What to Know About Thanksgiving Cornucopias
Every editorial product is independently selected, though we may be compensated or receive an affiliate commission if you buy something through our links. Ratings and prices are accurate and items are in stock as of time of publication.
A cornucopia is an American Thanksgiving tradition, but the horn of plenty is much older than the holiday.
Each autumn, squashes, gourds and other fall foods make their way from garden to table, and those that aren’t cooked become festive Thanksgiving decorations. Some gourds are specifically grown for decorative purposes.
The traditional, food-filled Thanksgiving centerpiece, the cornucopia, has a long history, going back to ancient Greece. So before you arrange those adorable miniature pumpkins in your holiday spread, learn a little more about the horn of plenty.
What Is a Cornucopia?
A cornucopia is a cone with an open mouth and a curved tail, like an extra-wide goat horn. They are usually woven like a wicker basket, but you can find them in other materials and finishes. You can even bake a cornucopia out of bread. The open mouth is customarily filled with food to share while seated at the Thanksgiving table, but inedible arrangements are popular as well.
Where Does the Cornucopia Come From?
Cornucopias go way back. There are many origin stories in classic literature, most famously Ovid’s Metamorphoses, a lengthy and influential Roman epic poem. According to Ovid, Hercules defeats a monster by removing its horn, which then becomes the horn of plenty.
Princeton University’s Index of Medieval Art cites several other ancient origin stories, including one in which Zeus mistakenly breaks off the goat Amalthea’s horn. Cornucopias also exist in historical paintings, such as Janssens’ The Origin of the Cornucopia, and sculptures.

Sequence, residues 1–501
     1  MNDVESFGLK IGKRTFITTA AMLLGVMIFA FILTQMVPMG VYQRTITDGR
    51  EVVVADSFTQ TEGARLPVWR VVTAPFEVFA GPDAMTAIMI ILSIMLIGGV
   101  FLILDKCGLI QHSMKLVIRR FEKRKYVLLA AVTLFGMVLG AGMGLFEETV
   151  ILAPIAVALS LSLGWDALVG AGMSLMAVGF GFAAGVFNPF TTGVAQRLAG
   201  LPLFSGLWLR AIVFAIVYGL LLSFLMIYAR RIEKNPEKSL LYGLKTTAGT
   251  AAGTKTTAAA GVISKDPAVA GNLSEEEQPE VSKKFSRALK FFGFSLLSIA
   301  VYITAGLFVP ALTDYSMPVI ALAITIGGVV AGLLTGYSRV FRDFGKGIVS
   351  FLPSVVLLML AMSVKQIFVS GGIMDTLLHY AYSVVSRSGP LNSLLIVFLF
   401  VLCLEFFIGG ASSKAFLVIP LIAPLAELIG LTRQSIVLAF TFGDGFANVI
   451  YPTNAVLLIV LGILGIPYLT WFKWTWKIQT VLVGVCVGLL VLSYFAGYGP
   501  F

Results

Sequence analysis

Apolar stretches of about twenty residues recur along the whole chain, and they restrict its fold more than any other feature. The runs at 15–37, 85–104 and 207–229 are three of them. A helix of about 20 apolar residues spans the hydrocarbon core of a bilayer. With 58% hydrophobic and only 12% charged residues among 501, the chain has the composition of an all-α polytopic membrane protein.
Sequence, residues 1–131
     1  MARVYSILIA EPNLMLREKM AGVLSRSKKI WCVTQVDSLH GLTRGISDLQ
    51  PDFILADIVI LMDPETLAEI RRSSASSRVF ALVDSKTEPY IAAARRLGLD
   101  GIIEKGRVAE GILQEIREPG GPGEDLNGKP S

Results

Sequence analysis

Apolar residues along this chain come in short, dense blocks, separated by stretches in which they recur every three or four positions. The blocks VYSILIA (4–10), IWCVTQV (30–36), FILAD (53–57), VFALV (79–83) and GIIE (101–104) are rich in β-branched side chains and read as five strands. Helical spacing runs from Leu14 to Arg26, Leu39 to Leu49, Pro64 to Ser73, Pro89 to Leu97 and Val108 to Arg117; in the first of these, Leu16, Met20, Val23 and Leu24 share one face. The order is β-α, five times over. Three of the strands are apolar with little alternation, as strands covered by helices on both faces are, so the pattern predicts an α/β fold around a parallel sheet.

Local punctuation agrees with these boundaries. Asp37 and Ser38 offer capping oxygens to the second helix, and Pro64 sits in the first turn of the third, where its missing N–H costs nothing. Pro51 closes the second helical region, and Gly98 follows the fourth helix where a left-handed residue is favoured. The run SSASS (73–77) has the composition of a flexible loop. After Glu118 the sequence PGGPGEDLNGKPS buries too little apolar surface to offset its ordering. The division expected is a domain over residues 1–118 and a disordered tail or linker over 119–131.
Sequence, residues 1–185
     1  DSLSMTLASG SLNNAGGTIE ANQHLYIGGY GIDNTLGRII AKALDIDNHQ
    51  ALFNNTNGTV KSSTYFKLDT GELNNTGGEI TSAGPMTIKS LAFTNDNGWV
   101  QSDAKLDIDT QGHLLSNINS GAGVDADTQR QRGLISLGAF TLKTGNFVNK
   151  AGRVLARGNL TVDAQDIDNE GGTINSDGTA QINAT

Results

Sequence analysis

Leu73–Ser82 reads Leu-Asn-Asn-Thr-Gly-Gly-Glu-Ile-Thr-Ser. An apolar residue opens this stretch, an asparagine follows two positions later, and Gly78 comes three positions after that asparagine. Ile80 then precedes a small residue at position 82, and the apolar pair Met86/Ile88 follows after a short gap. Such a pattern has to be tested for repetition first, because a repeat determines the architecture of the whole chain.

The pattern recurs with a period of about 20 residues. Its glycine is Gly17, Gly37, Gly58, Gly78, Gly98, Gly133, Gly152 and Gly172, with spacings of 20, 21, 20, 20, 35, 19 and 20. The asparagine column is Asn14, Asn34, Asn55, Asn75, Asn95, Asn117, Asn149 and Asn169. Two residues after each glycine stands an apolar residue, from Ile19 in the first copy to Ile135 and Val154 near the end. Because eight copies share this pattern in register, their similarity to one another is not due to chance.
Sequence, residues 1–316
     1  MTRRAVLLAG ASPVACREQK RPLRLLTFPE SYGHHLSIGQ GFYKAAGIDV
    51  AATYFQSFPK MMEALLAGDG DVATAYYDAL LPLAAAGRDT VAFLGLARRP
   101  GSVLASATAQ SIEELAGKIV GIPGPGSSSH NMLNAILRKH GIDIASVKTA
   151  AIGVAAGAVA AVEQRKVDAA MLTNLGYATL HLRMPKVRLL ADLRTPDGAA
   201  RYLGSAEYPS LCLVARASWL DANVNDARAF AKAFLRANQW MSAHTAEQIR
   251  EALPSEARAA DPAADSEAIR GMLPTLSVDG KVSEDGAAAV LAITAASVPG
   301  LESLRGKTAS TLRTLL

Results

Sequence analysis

Where Do You Put Them?
Typically, cornucopias are placed on the Thanksgiving dinner table, but you can put it wherever you want. It could go on a kitchen island with hors d’oeuvres, or on a coffee table with fall leaves and inedible gourds. You can even put a cornucopia on your fireplace mantle for Thanksgiving.
What to Fill Them With
Decide whether you want your cornucopia to be edible or purely decorative. Baked cornucopias are good with meats and cheeses. Reusable cornucopias are good with grapes, nuts and other snacks. If you want a decorative cornucopia that will look terrific all season, fill it with ornamental gourds and fall foliage — fake leaves are fine.
Can You Make Them? Or Is it Better to Buy One?
You can certainly create a DIY cornucopia. Getting the right shape is the most difficult part.
If you’re handy in the kitchen, a bread cornucopia is one option. Taste of Home made a bread form out of an old pan. If you’re better with tools and crafts, make a form out of chicken wire and cover it with burlap, twine or anything else you like.
If you have the time and the skill, you could get creative with metal, wood or clay. Or let the kids take it on instead. Have them fill ice cream cones or construction paper cones with candy as a fun Thanksgiving craft.
When you’re hosting Thanksgiving for the family, making a cornucopia might be one more responsibility you don’t need. Simple cornucopia baskets are inexpensive. If you prefer a pre-filled cornucopia arrangement, expect to spend a little more. Knowing you have a ready-made centerpiece every year may be worth the extra cost.